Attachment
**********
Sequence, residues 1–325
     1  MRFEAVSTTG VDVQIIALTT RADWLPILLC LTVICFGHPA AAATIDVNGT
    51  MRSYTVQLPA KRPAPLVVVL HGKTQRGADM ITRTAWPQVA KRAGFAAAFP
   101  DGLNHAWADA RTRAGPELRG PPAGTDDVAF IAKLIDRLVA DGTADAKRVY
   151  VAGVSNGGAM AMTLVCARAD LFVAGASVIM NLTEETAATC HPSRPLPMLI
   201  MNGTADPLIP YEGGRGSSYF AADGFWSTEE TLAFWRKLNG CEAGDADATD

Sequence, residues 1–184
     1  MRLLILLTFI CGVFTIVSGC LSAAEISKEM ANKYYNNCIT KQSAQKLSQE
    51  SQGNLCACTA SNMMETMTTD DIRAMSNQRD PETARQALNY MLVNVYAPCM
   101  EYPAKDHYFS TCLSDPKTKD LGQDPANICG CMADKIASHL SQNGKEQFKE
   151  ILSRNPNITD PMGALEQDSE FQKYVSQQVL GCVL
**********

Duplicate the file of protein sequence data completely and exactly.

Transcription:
Sequence, residues 1–325
     1  MRFEAVSTTG VDVQIIALTT RADWLPILLC LTVICFGHPA AAATIDVNGT
    51  MRSYTVQLPA KRPAPLVVVL HGKTQRGADM ITRTAWPQVA KRAGFAAAFP
   101  DGLNHAWADA RTRAGPELRG PPAGTDDVAF IAKLIDRLVA DGTADAKRVY
   151  VAGVSNGGAM AMTLVCARAD LFVAGASVIM NLTEETAATC HPSRPLPMLI
   201  MNGTADPLIP YEGGRGSSYF AADGFWSTEE TLAFWRKLNG CEAGDADATD

Sequence, residues 1–184
     1  MRLLILLTFI CGVFTIVSGC LSAAEISKEM ANKYYNNCIT KQSAQKLSQE
    51  SQGNLCACTA SNMMETMTTD DIRAMSNQRD PETARQALNY MLVNVYAPCM
   101  EYPAKDHYFS TCLSDPKTKD LGQDPANICG CMADKIASHL SQNGKEQFKE
   151  ILSRNPNITD PMGALEQDSE FQKYVSQQVL GCVL